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authentic

Michael Peterson passed in 2012. He is recognised as one of the greatest surfers, an authentic Australian ‘someone’ who set the bar for Australian surfing in the mid-seventies. His aggressive, no-nonsense style was all his own at a time when Midget Farrelly and Nat Young were dominating.

Michael was the son of a doting Jean, growing up near to Queensland’s Gold Coast with brother Tommy, he picked up his first real ‘board’ in ’66 aged fourteen and with his extraordinary drive, set himself on a path to being the best.

Michael Peterson dominated

During 1970’s surfing, Michael was winning Australian titles in ’72 and ’74. Taking out the win at Stubbies with his final competition in ’77. Michael Petersen won most of the available prize-money during his relatively short shine-time living for the sea. He was single-minded, lived for surfing and shunned the lime-light celebrity brought him … unless it was on his terms.

But there was a dark side that even Michael was unaware he was contending – undiagnosed Paranoid Schizophrenia. It the height of his time, when he was setting himself apart from his contemporaries through dynamics on the water and alienating friends and family as he unwittingly contended with his illness and the hedonism that was surf culture.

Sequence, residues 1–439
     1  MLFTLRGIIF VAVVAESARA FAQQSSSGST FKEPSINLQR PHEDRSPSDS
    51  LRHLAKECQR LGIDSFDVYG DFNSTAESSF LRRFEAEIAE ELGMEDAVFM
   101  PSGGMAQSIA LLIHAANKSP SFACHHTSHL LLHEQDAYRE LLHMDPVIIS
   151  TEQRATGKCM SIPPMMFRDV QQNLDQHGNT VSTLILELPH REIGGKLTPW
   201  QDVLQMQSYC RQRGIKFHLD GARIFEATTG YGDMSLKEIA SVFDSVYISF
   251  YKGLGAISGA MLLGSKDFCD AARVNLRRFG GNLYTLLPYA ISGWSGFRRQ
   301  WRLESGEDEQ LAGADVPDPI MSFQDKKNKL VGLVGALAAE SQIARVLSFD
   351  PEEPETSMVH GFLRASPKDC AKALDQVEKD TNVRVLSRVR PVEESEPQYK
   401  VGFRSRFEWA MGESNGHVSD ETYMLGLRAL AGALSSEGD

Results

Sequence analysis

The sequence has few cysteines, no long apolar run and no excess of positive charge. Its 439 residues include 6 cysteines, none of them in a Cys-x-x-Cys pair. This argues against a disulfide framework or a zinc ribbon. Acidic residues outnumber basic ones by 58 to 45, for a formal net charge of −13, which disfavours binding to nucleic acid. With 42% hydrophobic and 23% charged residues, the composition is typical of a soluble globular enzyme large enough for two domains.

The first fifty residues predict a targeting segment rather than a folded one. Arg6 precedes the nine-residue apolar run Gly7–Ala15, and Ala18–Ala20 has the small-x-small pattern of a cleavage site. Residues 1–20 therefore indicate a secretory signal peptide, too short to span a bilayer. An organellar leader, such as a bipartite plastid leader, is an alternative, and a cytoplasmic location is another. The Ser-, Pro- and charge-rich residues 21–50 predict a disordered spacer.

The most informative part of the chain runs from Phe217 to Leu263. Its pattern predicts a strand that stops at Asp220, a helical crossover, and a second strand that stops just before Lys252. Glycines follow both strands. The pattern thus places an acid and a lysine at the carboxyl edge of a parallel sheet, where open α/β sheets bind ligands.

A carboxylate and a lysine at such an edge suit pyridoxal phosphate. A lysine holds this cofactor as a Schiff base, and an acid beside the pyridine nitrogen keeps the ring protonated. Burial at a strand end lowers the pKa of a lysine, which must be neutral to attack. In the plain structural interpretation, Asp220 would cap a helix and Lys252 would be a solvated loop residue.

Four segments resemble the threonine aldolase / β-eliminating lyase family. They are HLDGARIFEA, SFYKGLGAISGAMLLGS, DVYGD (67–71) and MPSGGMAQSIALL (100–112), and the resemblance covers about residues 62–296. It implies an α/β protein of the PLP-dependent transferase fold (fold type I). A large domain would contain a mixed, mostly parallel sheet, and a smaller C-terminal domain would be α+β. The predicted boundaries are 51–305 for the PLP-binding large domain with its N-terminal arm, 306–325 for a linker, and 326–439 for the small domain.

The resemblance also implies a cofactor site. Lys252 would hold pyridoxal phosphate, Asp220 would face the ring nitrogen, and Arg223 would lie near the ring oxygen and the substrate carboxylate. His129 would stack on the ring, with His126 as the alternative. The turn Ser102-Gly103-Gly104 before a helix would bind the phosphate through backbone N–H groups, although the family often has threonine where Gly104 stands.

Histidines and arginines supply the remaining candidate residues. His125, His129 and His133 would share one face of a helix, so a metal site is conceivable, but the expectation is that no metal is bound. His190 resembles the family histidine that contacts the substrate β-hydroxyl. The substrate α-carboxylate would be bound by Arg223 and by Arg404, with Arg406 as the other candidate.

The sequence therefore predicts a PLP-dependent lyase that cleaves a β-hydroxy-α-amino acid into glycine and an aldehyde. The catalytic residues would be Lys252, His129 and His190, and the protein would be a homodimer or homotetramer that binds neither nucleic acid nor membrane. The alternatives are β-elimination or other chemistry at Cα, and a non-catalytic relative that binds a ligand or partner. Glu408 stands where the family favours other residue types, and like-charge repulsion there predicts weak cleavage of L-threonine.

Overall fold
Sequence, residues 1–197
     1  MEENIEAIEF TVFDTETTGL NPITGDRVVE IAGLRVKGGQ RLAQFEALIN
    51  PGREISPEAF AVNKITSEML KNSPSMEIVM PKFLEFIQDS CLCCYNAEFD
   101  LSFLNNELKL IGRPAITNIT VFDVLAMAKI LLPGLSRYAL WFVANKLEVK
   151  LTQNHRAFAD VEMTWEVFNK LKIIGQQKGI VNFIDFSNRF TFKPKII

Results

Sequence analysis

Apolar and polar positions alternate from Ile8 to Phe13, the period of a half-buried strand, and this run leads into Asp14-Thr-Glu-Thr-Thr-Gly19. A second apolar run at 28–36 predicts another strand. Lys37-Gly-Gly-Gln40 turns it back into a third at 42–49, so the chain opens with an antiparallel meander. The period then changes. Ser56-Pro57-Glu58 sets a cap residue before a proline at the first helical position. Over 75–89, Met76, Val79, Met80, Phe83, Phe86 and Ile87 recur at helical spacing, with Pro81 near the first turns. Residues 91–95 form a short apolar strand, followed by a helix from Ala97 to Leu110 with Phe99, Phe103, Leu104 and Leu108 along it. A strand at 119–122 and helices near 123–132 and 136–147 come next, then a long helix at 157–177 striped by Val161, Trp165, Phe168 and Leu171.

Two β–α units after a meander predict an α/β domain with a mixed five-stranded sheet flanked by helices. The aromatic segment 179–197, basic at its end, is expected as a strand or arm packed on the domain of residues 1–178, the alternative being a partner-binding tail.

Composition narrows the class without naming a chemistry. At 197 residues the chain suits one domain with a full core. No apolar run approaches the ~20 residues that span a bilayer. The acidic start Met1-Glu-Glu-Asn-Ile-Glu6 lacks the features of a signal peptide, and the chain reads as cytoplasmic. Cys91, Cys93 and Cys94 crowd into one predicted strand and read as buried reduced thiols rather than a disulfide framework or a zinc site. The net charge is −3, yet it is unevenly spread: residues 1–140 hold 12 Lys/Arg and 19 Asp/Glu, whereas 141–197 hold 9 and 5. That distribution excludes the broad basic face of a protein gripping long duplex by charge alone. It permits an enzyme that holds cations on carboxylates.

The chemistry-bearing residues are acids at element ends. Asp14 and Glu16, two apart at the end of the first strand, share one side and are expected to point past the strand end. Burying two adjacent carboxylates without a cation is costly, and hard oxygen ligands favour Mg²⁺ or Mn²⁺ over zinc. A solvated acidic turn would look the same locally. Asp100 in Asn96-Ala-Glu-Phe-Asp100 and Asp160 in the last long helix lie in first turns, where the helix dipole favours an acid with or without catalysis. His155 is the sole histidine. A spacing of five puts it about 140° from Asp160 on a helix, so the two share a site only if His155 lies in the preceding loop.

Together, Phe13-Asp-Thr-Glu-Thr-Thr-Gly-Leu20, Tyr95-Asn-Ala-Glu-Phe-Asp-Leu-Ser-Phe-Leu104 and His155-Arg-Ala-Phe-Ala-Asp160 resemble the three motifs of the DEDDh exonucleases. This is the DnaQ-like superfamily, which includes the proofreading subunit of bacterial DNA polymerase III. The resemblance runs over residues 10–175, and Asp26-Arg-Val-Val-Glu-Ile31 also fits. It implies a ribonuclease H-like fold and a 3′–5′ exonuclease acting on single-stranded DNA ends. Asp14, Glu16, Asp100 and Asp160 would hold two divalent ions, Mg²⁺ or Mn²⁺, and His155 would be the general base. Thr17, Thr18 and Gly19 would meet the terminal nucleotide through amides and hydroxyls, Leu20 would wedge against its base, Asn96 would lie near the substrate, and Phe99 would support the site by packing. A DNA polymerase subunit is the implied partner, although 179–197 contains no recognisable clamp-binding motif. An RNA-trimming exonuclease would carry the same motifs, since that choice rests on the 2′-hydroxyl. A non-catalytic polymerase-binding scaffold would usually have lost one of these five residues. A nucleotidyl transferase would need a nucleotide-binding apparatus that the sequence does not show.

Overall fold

Michael was so successful as a surfer, his merchandise was soon in demand and carrying the now famous (MP) brand. The trouble was, Michael Petersen shaped boards for Michael, and so no-one could ride the ultra-thin, radically-channelled designs that commanded premium bucks. Sadly the business was short-lived, with no-one getting close enough to offer the business acumen, diversity or insights for managed growth. Michael never capitalised on his legacy. Being the winner out of the water.

Michael Petersen ended his competitive surfing while still having much to offer. He’d succumbed to the dark thoughts he was not to recognise for another ten years but still, with the support of his family and ‘friends’ his legend prevails.

Michael was authentic but through no fault of his own, he was unable to reach out and collaborate.

A lesson from MP? Whatever business we’re in, it’s personal. We can inspire new clients and encourage our customers to return if we are able to recognise diversity, embrace our collaborators and work on our offer.

Ask yourself. ‘Can I remain authentic, while reaching-out?’

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